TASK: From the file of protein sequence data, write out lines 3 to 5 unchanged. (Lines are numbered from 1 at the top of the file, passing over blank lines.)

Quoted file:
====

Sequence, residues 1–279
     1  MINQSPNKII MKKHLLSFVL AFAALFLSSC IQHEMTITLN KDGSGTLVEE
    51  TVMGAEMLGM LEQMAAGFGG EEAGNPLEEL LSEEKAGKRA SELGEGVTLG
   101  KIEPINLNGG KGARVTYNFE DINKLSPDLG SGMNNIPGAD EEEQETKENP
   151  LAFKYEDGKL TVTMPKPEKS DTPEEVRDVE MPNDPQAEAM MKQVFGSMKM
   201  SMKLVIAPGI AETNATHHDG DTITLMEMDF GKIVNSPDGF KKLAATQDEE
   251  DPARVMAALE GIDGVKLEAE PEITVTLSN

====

    51  TVMGAEMLGM LEQMAAGFGG EEAGNPLEEL LSEEKAGKRA SELGEGVTLG
   101  KIEPINLNGG KGARVTYNFE DINKLSPDLG SGMNNIPGAD EEEQETKENP
   151  LAFKYEDGKL TVTMPKPEKS DTPEEVRDVE MPNDPQAEAM MKQVFGSMKM